For Brazilian and foreign companies alike, insightful legal advice remains critical to the success and growth of their business activities.
Presentation made by the attorneys Iris Bennett, Partner of the US Law Firm Smith Pachter McWhorter PLC, and her associate Paulo Gusmão, together with André de Almeida and Leonardo B. Leite, partners of Almeida Advogados.
Commercial aviation in Brazil has increased significantly as a result of the country’s growth and the lack of other viable means of transportation. In 1960, Brazil’s commercial air traffic was second in volume only to the U.S.
Brazil’s aviation industry (including transportation and production of equipment and airplanes) accounts for approximately 3% of the country’s gross domestic product, generating US$18 billion and 35,000 direct jobs.
Throughout the world, the aviation industry has continuously expanded, with worldwide aviation traffic expected to increase by 5% in 2010. At 7.9% per year, Latin America’s rate of growth is second only to China.
Commercial aviation in Brazil was formerly governed by the Brazilian Aeronautical Code (CBA), enacted by Law 7565 in 1986 and overseen by the Civil Aviation Department (DAC) under the Ministry of Defense’s Aeronautical Command.
In 2005, Law 11182 created the National Aviation Agency (NAA) in order to adopt all measures necessary to meet the public interest and develop and expand Brazil’s civil aviation, aeronautical and airport infrastructure. The NAA promoted independent, lawful and impartial aeronautical operations, and encouraged the use of advertising.
The National Civil Aviation Agency is a federal regulatory agency governed by a particular system of operations under the Ministry of Defense, and consisting of various Aeronautical Command agencies, specifically: the Civil Aviation Department, with its Regional Civil Aviation Services; the Scientific Institute for Operational Aeronautics Activities; the Civil Aviation Institute; and the Institute for Industrial Development and Coordination’s Civil Aviation Certification Department.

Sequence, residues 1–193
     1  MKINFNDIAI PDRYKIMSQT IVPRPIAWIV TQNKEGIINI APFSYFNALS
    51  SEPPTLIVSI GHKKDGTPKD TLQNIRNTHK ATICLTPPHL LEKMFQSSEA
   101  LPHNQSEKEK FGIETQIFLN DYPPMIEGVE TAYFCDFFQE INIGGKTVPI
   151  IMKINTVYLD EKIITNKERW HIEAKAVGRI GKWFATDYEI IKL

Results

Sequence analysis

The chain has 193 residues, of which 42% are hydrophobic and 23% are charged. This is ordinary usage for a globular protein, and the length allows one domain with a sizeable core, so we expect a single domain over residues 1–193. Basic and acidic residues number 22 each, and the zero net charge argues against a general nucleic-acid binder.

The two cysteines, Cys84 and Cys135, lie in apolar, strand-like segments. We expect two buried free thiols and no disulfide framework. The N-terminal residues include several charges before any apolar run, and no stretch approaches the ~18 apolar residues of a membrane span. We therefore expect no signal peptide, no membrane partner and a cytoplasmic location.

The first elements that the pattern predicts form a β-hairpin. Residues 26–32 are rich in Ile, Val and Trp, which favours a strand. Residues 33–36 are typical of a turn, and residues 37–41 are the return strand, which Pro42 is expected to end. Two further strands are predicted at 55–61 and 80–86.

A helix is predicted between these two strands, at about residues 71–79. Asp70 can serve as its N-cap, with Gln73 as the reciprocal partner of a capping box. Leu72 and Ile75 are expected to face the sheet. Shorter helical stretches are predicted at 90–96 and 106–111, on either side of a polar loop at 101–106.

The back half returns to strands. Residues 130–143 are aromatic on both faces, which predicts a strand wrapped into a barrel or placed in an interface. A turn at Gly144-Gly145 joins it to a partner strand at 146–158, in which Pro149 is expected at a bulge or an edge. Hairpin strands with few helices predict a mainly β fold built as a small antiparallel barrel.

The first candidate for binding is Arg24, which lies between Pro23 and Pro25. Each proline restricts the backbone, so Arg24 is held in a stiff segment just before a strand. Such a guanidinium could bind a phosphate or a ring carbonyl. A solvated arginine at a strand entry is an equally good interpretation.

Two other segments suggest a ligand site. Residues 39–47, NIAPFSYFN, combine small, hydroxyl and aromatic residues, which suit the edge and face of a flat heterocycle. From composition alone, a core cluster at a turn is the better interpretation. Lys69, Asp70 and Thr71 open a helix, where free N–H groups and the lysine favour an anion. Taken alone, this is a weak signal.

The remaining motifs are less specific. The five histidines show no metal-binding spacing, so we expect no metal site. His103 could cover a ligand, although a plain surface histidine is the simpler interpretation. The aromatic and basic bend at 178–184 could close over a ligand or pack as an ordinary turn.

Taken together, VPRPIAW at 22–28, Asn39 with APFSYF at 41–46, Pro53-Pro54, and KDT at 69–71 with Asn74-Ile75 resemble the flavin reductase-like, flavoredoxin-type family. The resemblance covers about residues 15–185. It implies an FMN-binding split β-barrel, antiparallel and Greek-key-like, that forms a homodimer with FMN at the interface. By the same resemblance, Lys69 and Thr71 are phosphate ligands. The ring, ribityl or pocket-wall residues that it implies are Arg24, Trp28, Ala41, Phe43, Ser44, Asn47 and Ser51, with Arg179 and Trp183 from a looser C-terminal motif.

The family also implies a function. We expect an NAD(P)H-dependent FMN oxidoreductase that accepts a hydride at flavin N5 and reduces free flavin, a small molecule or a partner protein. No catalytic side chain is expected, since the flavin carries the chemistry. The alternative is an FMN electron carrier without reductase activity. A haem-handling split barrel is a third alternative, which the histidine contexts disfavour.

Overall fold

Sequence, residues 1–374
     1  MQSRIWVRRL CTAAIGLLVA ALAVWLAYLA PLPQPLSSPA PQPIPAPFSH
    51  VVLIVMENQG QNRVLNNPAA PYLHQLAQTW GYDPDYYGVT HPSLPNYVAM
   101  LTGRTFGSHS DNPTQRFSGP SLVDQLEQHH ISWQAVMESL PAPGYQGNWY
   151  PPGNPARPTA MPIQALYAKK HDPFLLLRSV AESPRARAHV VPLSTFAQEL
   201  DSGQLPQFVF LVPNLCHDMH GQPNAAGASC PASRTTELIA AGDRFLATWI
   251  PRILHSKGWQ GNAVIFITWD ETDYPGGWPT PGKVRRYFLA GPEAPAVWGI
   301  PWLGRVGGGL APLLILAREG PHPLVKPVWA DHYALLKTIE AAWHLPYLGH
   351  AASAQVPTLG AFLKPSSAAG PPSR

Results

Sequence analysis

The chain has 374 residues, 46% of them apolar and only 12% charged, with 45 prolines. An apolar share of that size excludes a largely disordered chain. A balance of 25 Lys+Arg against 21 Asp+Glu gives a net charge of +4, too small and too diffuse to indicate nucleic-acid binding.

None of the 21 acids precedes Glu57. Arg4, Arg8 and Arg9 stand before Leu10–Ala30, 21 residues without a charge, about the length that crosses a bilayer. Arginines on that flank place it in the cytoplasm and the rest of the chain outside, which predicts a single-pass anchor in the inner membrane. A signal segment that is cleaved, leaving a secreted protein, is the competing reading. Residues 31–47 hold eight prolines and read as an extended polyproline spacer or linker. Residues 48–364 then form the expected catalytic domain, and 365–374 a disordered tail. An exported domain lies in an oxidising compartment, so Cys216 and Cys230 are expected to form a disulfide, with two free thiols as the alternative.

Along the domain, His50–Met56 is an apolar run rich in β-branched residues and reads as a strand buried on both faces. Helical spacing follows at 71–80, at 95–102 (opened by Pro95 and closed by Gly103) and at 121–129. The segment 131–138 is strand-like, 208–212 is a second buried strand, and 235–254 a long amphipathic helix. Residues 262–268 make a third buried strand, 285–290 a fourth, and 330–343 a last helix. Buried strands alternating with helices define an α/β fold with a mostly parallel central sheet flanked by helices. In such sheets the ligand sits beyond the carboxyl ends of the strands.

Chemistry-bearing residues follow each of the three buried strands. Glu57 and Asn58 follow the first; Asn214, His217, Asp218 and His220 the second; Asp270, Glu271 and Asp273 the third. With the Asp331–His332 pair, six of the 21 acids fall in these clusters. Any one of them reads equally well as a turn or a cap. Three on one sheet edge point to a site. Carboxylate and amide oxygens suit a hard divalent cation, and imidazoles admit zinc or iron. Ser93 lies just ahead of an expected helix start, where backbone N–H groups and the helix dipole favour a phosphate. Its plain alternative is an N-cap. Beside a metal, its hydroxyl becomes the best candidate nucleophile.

One reason for changing the former industry model was to create a technical agency with political independence and autonomy based on new and stable rules aimed at attracting investments.
The Agency’s duties regarding economic regulation include prohibiting abusive competition practices through joint operations with the Administrative Board of Economic Defense, authorizing and developing routes and airport infrastructure, inspecting aviation services and granting permits.
Almeida Advogados has years of collective experience in providing specialized legal services in the aeronautical law field, ranging from air traffic and transportation to civil aviation in general. The firm also renders legal consulting services to companies and investors for negotiating agreements regarding airplane ownership and operation and related services. Given aviation law’s global scope, our specialized attorneys have the requisite knowledge and understanding of both Brazilian legislation and international rules and treaties.